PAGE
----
MALFUNCTION JUNCTION: SCDOT hopes to improve intersection with Carolina Crossroads project

COLUMBIA, SC (WOLO) — The intersections of I-20, I-26 and I-126 have an infamous nickname among Columbia area residents, Malfunction Junction.

Now, a billion dollar project called Carolina Crossroads plans on fixing the issues that residents say is long overdue.

Thursday at Dutch Square Mall, the South Carolina Department of Transportation hosted an informational meeting for the public to learn more about the first couple of phases and when they will begin.

“Over the years, there’s been significant congestion and safety issues at the area the public calls Malfunction Junction,” said Brian Klauk, SCDOT Carolina Crossroads project manager. “We’re trying to earn a new name for that area, Carolina Crossroads. We’re making a $1.7 billion investment.”

Phases 1 and 2 are set to begin in the coming months.

“We’ve designed a project that will completely revamp Malfunction Junction,” Klauk said. “It’s going to be taking place over an 8 year period in 5 different phases.”

Residents say this is long overdue.

“Thirty years,” laughs Columbia resident Natanna Wright. “That’s how long I’ve lived at Malfunction Junction.”

Efforts to fix the issues have not helped in the past according to locals.

“They’ve tried to fix it several times. They’ve needed the money to do it,” Wright said. “This time they have the money, so I hope they do it right.”

The SCDOT event explained the revamp of seven intersections which includes getting rid of the clover leaf that is currently there.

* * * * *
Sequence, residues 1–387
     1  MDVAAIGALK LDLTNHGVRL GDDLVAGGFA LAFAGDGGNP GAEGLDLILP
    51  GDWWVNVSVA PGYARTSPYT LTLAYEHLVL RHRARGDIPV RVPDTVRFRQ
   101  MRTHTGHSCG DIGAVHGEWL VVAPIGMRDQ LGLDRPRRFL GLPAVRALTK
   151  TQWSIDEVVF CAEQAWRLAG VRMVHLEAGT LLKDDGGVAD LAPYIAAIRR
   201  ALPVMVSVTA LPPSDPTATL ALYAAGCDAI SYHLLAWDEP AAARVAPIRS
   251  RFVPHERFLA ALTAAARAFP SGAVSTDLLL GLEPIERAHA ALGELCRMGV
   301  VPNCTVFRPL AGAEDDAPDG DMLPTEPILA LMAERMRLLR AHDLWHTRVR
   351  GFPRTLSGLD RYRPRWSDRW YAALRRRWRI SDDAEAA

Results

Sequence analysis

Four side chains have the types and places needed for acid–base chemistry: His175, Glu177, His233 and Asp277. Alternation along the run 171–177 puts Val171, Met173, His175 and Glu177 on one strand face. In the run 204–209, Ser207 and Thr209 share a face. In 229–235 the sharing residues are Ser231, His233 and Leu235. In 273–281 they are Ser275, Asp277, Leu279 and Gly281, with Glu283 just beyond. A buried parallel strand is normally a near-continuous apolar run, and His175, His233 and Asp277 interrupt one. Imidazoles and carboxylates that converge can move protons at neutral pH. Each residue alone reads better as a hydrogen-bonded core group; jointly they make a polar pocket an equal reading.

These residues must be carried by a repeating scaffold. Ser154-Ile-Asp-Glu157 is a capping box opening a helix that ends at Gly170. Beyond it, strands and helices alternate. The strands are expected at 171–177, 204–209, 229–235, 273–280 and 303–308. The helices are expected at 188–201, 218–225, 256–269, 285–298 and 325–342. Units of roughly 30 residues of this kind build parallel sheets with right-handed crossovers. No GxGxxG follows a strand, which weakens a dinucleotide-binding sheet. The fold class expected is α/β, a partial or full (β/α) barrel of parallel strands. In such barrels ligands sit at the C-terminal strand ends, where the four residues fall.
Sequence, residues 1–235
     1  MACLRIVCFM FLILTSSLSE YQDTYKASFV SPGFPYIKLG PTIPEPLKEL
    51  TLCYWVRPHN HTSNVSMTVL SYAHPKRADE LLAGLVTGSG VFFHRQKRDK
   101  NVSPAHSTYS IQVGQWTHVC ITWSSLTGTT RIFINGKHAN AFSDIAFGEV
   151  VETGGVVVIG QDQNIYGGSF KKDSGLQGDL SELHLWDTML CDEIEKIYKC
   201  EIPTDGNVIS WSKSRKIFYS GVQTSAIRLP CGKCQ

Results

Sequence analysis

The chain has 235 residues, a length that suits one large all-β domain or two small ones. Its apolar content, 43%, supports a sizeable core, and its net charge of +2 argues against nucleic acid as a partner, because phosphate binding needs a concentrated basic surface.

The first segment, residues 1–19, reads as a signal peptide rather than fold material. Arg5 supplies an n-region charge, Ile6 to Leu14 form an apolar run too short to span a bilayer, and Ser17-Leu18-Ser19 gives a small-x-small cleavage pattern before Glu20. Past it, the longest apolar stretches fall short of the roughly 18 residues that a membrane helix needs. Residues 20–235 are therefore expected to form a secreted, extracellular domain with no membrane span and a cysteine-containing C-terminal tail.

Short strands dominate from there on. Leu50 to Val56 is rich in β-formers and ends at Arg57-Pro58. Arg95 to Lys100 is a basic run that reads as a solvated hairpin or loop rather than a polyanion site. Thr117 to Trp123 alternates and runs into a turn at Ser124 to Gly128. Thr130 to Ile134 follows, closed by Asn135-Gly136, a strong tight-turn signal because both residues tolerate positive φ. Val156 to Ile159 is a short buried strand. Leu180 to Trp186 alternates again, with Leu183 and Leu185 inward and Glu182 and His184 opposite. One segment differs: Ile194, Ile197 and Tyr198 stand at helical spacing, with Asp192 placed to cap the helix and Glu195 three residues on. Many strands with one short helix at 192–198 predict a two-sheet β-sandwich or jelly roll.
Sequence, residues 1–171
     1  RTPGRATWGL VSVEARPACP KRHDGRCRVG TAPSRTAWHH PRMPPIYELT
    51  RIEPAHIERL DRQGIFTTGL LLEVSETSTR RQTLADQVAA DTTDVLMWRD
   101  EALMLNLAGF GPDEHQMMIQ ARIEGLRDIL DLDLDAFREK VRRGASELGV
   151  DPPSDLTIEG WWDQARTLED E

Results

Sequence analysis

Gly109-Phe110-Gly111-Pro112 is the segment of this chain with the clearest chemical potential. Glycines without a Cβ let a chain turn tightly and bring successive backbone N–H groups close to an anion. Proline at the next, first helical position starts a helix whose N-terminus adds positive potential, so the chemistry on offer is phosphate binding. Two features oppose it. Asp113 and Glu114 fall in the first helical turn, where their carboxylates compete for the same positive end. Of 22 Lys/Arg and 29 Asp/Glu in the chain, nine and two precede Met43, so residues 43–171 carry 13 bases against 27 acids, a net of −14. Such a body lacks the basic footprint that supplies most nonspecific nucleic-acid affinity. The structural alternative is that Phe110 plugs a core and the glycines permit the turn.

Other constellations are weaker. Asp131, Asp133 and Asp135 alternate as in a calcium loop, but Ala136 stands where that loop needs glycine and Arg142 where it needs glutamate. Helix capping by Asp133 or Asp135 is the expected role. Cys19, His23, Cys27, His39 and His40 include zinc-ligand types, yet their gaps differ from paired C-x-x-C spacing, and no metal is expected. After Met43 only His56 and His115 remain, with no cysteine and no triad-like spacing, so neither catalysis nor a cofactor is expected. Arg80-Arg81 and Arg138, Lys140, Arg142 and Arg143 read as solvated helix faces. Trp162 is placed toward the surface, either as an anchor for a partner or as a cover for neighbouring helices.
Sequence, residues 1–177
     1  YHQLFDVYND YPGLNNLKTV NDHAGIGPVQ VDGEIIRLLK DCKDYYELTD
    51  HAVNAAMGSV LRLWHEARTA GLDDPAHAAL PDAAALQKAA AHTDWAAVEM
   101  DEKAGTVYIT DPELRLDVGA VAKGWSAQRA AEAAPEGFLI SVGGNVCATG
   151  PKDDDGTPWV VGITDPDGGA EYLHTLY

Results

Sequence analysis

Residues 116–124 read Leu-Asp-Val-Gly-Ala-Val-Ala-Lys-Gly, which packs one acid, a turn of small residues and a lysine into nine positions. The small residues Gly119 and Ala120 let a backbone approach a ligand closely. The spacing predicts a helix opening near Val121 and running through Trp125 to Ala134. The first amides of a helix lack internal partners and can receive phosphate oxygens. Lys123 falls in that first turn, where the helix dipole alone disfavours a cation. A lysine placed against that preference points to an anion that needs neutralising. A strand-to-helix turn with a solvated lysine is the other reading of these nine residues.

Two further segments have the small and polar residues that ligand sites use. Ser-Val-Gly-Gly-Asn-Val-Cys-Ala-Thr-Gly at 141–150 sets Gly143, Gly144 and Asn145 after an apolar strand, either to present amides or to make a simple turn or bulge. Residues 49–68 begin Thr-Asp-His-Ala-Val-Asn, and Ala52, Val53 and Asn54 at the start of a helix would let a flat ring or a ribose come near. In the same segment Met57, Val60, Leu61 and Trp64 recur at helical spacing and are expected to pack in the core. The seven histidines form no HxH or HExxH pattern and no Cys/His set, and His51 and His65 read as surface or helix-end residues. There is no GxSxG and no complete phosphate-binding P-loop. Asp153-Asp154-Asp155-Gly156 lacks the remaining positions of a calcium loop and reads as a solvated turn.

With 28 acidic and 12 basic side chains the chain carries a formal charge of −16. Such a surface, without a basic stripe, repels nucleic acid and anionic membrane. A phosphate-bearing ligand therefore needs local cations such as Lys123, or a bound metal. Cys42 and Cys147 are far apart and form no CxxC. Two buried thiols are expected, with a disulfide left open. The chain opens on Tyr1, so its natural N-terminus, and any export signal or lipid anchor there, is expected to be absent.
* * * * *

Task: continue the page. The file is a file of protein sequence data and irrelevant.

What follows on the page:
“I know they’re going to do some different on and off ramps. That has been one of the biggest problems. You got on the freeways I-20, I-26 and 1-126 with the same ramps that you were getting off the freeway. That caused a lot of issues,
Wright said. “Now, they’re separating that so you get on and off at different ramps. That will be very helpful.”

The project involves lane widening and will shut down a few exits and result in a few detours.

“It will shut down our exit. We get off at Bush River Road,” said resident Audy Wright.

“For a few years, we’ll have to suffer a little bit, but I think eventually it’ll work out real good,” Natanna agrees.

The Department of Transportation hopes that breaking up the project into phases will be part of minimizing the disruption to the public.

“Most of the work is going to take place at night so we’re going to minimize the disruption to the traveling public,” Klauk said. “We appreciate the public’s patience as they drive through.”

Categories: Local News, Richland